Although the pandemic forced many small and medium-sized businesses (SMBs) to scale back their operations—and in some cases close all together—those businesses saw an increase in cyberattacks, according to a new study from remote access and enterprise password management solutions provider Devolutions.
The company’s survey of 440 IT professionals and tech decision makers at organizations primarily in North America that identify as SMBs, found that remote workers at SMBs were targets of cyber threats as they were logging into corporate systems outside of the corporate network.
The findings reveal that SMBs are no more immune from cyberattacks than federal agencies or government contractors, as 52% of respondents say they have experienced a cyberattack in the last year, and 10% have been the target of more than 10 attacks.
The survey also shed light on the cybersecurity challenges of smaller businesses that don’t have the expertise, skills or resources to shore up their cyber defenses, as 40% said they do not have a comprehensive and updated cybersecurity incident response plan.
With that context, it’s no surprise that the survey found that 72% of SMBs are more concerned about cybersecurity than they were a year ago.
Specifically, SMBs are concerned about ransomware, phishing and malware, and the study found that 20% of ransomware victims are SMBs.
The company’s report cites the importance of password management and privileged access management (PAM) solutions to help protect against those threats, most of which start with compromising account credentials.
According to Devolutions, most SMB respondents have processes and solutions in place to help manage those credentials, as 92% have an offboarding process that revokes account access, 74% provide cybersecurity training and 71% use a password manager.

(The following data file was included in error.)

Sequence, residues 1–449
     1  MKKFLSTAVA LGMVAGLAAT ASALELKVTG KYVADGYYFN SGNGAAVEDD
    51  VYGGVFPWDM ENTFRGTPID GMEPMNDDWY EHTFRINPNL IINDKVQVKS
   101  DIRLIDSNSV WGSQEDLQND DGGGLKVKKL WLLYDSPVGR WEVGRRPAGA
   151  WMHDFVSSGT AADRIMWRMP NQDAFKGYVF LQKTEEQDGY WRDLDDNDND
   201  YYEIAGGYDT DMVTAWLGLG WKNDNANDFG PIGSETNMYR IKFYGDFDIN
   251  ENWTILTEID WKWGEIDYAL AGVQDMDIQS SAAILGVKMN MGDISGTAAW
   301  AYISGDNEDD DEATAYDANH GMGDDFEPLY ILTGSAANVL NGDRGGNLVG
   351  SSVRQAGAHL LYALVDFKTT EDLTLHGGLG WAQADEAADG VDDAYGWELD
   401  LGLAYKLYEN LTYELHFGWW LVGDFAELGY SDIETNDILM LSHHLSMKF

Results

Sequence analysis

However, just 13% of SMB respondents have a fully-deployed PAM solution, which is down from the same study conducted one year earlier. Devolutions says this may be due to an increase in SMBs turning to password managers as a PAM substitute.
“While password managers play an important role in the overall security mix — such as reducing cybersecurity fatigue among users — they are fundamentally not built to manage access to privileged accounts, as they do not provide the visibility, control, and governance required to safeguard sensitive data, support compliance requirements, and manage at scale,” the report says.
Devolutions lays out a set of over a dozen recommendations, including:
- Proactively protecting against ransomware, phishing and supply chain attacks
- Implementing a comprehensive cyber incident response plan
- Deploying a password manager
- Implementing a password management policy
- Developing an access deprovision process
- Deploying a privileged access management solution
- Protecting, monitoring and managing all privileged accounts
- Adopting a Zero Trust infrastructure approach
- Improving cybersecurity awareness and training
- Enforcing a remote worker security policy
- Developing a cybersecurity audit process
- Leveraging support from MSPs
- Increasing IT security budgets
In a statement, Devolutions CEO David Hervieux said progress is being made by SMBs, but they still have a long way to go.
“A key takeaway for SMBs is to take immediate – but at the same time intelligent – action to reduce their risk,” he said. “That’s why in our new report we’ve provided a series of practical, proven and affordable recommendations to help SMBs make informed decisions.”